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attending, they can always go to our website and find out how to register. >> and it helps you ultimately do your job better i would think, right? >> yeah. >> and provide services in a better way. >> our goal is to, you know, empower our community and to integrate. >> and sometimes meeting with your colleagues is a good way to un placer. thank you guys very much. good luck with the "key to the city." that's great. coming up next on "tiempo," the boy scouts of america westchester-putnam council celebrates hispanic heritage month in a big way, with major support to hundreds of latino boys. the details when "tiempo" comes
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>> the boy scouts of america is one of the largest youth organizations in the united states, with more than 2.4 million youth members and nearly 1 million adult volunteers. it helps children become leaders and role models. during hispanic heritage month, the westchester-putnam council of the boy scouts plans to support hundreds of latino boys by expanding their programs to various schools in westchester. and here this morning to tell us about this program expansion -- patrick coviello and rocio guerrero from the westchester-putnam council of boy scouts of america and jose torres, mi primo -- not really -- leader of troop 2005, el centro hispano in white plains. good to have all of you here. you're doing this largely because of the explosive growth,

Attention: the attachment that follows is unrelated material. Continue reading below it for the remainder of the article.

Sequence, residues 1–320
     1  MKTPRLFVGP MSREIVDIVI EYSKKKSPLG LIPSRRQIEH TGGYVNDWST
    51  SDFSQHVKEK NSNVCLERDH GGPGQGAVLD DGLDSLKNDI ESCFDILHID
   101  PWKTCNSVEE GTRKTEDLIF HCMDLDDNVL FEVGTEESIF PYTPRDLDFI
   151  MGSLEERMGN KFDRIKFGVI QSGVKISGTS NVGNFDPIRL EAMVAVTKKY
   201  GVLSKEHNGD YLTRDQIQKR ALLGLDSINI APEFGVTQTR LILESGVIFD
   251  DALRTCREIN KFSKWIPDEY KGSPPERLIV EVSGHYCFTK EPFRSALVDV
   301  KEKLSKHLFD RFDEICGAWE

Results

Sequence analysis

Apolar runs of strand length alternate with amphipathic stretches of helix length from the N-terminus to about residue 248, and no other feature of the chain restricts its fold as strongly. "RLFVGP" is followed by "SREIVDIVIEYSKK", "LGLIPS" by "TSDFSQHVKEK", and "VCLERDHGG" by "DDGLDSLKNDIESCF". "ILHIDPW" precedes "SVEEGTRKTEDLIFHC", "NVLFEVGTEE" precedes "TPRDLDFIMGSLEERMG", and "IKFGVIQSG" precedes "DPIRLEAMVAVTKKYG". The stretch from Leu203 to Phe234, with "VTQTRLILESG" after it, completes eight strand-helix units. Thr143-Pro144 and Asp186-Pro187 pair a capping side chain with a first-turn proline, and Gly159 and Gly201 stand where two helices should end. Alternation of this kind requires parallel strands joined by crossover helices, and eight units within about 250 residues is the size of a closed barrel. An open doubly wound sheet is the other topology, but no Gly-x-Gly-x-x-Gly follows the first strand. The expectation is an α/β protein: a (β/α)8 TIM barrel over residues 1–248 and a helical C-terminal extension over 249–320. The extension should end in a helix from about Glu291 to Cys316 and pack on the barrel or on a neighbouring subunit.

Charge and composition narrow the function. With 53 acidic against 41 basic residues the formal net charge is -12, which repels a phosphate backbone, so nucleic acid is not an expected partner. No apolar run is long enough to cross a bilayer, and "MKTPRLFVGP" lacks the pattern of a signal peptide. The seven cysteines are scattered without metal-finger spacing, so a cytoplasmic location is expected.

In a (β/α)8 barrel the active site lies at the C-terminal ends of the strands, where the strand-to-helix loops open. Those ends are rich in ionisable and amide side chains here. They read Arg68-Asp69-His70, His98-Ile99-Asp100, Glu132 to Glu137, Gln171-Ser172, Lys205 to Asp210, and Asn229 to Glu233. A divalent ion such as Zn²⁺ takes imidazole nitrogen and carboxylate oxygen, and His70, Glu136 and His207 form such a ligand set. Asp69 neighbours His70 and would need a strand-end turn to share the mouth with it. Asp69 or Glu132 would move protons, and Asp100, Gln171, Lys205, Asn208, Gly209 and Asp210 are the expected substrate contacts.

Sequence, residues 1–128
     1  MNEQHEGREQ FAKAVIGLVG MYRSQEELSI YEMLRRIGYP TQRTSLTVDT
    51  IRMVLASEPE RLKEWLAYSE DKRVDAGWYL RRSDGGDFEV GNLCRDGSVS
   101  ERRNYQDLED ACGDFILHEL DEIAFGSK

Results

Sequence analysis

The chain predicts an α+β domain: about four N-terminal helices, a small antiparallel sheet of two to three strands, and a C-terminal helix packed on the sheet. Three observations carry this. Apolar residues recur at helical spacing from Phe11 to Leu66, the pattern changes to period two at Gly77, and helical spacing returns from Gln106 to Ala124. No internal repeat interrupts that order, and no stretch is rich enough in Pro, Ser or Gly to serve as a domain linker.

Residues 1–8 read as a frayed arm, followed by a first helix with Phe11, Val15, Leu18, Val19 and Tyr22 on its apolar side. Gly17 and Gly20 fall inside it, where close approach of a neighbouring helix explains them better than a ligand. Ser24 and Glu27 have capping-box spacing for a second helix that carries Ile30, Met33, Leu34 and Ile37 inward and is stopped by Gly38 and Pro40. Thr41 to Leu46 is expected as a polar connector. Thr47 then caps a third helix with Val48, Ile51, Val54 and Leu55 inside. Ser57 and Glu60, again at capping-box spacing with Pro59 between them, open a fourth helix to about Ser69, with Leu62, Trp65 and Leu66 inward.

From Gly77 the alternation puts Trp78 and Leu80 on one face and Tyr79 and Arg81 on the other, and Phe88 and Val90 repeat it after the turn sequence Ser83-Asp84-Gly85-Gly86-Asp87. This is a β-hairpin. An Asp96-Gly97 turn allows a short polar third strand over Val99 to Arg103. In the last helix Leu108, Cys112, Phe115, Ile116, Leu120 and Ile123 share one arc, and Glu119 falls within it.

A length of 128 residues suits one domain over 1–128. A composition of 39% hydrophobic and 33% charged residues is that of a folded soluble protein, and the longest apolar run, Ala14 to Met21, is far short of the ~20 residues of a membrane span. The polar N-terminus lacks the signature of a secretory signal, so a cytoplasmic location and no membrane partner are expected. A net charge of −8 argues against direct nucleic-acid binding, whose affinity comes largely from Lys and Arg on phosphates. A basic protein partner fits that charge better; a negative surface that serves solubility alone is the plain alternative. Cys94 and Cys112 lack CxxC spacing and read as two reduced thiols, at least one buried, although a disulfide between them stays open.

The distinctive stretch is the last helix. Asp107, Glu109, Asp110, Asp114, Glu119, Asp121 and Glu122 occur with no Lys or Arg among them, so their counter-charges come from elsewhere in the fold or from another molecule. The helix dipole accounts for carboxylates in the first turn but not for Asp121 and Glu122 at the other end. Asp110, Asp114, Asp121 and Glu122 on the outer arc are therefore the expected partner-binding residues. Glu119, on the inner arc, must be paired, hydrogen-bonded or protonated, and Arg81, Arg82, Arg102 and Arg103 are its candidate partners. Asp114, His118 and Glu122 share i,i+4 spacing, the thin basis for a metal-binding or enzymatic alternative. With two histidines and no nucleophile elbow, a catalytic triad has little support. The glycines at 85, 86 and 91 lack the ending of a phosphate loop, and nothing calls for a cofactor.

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i would assume, of the latino population in westchester and putnam counties? >> that's correct. the westchester-putnam council has been involved in scouting for almost a hundred years, since the beginning of the program. and one of our commitments is that we reach out to all young people who want to be part of scouting and gain from the development that they participate in, the outdoor fun, the excitement. >> yep. >> one of the markets that we feel we haven't reached out to appropriately in recent years is the latino community. >> throw some numbers at me. i mean, how much growth have you seen specifically within that demographic? >> so we currently have almost 10,000 youth members. we have about 800 latino youth members involved. >> wow. >> our goal, though, is to more than double that over the next year and a half, and so that was the instigation of the latino initiative to make sure that we have that kind of growth happening. >> rocio, talk to me about one or two of the initiatives that are designed to try and get more latinos involved. >> yes. we actually -- we would like to